Memory loss in the elderly could be an early sign of Alzheimer’s, but a new study finds that it can also increase a senior's risk of stroke or death.
"Low cognitive function is generally associated with poor neurological health and brain function," said Kumar Rajan, lead author of the study and assistant professor of internal medicine at Rush University Medical Center in Chicago, in a press release. "Worsening of neurological health can lead to several health problems with stroke being one of them."
More than 7,200 Americans over 65 years old were involved in the study. The researchers evaluated their short- and long-term memory, attention, awareness, and other mental functions. Four tests were given to the participants every three years. During their research, they concluded that participants with lower test scores were 61 percent more likely to have a stroke.
"Stroke in old age can be caused by poor cognitive function; whereas, faster decline in cognitive function can be caused by stroke,” Rajan said. He and his colleagues also noted that race played a role in stroke risk. Blacks with declined mental function had a fivefold higher risk of stroke compared to their white counterparts.
Rajan and his team also found that mental function declined twice as fast as before a stroke, further increasing the risk of death. Stroke coupled with mental decline increased risk of death. Participants who had previous strokes had lower baseline scores on their cognitive tests. Seventy-eight percent of previous stroke victims died during follow ups.
The researchers said that although other studies have looked at mental decline after a stroke, none have looked at the opposite: stroke risk after mental decline. By testing cognitive abilities, doctors might be able to identify patients who have an increased risk for stroke. "From a care standpoint, [thinking and memory] decline is not only a strong marker for neurological deterioration and physical health in older adults, but also serves as a marker for stroke in old age,” Rajan said.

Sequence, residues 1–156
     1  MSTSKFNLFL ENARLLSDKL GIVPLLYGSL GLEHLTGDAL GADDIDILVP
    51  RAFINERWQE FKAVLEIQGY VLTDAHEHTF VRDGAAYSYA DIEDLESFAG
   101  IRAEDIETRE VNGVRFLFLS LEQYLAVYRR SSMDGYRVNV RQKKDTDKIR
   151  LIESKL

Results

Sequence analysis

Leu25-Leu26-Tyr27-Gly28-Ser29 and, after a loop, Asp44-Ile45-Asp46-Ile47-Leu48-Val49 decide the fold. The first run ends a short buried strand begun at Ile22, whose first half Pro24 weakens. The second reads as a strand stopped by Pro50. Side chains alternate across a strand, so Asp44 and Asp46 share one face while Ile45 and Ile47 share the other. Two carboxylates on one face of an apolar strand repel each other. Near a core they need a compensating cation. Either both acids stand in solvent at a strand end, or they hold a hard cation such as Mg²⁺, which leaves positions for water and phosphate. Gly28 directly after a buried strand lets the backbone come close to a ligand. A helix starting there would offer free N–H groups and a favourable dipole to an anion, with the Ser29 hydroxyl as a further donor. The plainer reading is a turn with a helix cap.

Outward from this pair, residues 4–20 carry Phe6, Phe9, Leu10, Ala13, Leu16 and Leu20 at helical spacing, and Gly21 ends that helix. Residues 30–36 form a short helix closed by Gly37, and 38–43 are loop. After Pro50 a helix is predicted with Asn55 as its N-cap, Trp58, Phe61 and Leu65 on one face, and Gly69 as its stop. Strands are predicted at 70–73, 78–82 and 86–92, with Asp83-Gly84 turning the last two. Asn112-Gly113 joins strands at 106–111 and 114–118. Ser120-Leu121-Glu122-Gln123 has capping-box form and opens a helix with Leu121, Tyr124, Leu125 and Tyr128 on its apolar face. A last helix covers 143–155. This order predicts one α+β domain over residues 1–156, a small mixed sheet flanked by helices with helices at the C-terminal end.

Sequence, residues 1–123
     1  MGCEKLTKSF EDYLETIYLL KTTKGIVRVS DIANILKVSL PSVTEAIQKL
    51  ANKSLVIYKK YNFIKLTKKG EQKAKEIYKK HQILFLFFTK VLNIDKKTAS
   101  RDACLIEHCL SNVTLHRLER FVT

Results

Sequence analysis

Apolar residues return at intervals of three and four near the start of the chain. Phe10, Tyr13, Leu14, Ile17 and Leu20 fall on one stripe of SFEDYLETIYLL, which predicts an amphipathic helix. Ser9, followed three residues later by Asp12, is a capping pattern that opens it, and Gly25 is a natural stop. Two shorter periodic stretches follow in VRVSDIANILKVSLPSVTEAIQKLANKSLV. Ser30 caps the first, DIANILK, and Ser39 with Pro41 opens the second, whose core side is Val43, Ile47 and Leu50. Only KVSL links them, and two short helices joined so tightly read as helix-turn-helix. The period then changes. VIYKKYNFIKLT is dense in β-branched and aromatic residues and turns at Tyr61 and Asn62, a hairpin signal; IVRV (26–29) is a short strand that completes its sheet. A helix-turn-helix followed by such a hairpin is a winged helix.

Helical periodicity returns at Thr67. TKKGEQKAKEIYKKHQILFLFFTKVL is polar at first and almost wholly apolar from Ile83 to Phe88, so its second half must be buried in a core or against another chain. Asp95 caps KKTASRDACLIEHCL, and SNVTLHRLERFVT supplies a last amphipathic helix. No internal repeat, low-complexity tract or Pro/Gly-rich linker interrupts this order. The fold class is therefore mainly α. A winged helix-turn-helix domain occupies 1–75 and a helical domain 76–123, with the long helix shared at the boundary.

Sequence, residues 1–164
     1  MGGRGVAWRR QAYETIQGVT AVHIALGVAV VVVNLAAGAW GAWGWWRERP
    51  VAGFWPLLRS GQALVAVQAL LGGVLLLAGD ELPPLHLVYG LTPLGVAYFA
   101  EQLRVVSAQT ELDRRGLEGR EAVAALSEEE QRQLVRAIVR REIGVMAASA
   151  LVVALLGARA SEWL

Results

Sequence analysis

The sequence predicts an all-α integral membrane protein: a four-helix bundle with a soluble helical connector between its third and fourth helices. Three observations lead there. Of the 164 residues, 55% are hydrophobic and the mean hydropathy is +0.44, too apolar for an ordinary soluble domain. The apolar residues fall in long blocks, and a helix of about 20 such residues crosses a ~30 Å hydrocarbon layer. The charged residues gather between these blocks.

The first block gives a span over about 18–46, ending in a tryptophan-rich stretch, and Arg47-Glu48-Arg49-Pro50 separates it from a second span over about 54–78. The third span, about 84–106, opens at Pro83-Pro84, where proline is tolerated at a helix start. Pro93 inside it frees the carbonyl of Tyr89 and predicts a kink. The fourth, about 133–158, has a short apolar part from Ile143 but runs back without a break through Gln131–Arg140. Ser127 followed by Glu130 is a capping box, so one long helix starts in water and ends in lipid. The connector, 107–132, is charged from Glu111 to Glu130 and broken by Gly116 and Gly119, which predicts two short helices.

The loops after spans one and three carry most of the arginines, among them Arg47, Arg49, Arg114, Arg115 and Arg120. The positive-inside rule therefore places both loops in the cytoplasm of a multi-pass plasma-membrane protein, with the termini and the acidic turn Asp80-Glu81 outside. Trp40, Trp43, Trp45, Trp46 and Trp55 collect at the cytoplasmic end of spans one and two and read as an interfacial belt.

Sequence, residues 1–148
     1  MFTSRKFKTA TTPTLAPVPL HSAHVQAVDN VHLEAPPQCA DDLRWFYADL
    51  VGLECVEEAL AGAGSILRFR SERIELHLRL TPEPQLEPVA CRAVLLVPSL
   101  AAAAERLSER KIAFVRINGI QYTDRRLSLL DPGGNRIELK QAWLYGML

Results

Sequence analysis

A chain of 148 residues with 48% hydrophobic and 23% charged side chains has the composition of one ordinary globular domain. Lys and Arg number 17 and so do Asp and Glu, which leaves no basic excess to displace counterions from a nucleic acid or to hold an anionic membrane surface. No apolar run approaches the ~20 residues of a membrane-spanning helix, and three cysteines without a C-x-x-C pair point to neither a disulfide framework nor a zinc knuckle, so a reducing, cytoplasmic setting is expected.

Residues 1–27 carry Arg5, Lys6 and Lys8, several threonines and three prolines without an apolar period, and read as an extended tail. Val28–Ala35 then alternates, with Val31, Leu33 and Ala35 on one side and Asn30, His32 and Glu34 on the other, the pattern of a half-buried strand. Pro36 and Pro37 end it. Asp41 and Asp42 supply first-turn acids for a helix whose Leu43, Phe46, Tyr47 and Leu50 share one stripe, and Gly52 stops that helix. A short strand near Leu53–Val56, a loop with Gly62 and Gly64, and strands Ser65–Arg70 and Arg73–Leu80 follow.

Stroke is the fourth leading cause of death in the United States. The Centers For Disease Control and Prevention estimates that 800,000 people die every year from a stroke. Strokes occur when the blood supply to the brain is interrupted or reduced. When this happens, the brain is deprived of oxygen and nutrients, killing brain cells. Signs that someone could be having a stroke include numbness, confusion, trouble seeing, severe headache, and trouble walking.
Source: Rajan K, Aggarwal N, Wilson R, Everson-Rose S, Evans D. Association of Cognitive Functioning, Incident Stroke, and Mortality in Older Adults. Stroke. 2014.